PARIS—France’s Safran and Germany’s Diehl have agreed to work together to develop a small, lightweight tactical air-to-ground weapon: the Hussar.                                                                       

The accord was announced at the Paris Air Show, being held here June 17-23.

Diehl, best known for the development of the IRIS-T short-range, air-to-air missile, says the Hussar will benefit from recent operational experiences. These have often called for smaller, lower-cost weapons that can successfully strike small, fleeting targets with minimal collateral damage. The weapon would be carried upside down on what Diehl called a smart multi-launcher, capable of carrying six-eight weapons. Each missile is to be carried upside down, with the wing deploying once released. Development of the weapon will focus on current and future platforms, including the Franco-German Future Combat Air System and the EuroMALE unmanned air system.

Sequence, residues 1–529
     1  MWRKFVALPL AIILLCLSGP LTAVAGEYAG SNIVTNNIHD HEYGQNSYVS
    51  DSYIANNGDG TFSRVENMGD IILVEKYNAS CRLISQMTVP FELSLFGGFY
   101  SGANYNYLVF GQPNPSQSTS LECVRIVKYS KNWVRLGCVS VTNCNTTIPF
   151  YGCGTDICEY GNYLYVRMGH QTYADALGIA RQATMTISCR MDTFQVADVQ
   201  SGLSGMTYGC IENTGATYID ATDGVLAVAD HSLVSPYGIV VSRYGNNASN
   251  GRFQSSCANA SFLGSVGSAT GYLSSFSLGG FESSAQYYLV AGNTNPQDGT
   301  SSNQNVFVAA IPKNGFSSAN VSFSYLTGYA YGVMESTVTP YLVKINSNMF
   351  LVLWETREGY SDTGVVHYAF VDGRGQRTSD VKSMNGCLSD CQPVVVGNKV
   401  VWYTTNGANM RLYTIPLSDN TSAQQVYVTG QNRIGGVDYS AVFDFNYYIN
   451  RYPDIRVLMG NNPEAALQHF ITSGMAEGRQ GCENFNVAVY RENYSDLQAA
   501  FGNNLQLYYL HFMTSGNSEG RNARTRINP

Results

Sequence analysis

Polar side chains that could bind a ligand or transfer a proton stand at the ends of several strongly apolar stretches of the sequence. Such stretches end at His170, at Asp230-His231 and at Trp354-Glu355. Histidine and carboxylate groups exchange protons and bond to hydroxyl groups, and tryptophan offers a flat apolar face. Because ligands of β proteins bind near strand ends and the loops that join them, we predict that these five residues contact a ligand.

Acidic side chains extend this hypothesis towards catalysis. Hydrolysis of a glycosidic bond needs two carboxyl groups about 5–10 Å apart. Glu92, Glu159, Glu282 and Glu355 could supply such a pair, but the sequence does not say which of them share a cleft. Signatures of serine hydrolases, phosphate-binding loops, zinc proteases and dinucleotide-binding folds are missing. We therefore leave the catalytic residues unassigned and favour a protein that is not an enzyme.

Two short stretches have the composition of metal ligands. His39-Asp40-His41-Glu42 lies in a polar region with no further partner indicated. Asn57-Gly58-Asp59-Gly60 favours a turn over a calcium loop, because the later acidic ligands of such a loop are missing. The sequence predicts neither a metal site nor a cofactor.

Diehl says the weapon will feature an “innovative navigation platform” working in conjunction with various seekers, including a semi-active laser sensor.

France has been studying the potential of small, low-collateral weapons through its own small-diameter tactical bomb studies. It released an adapted version of the BAT-120 runway denial munition from a Mirage 2000D last year.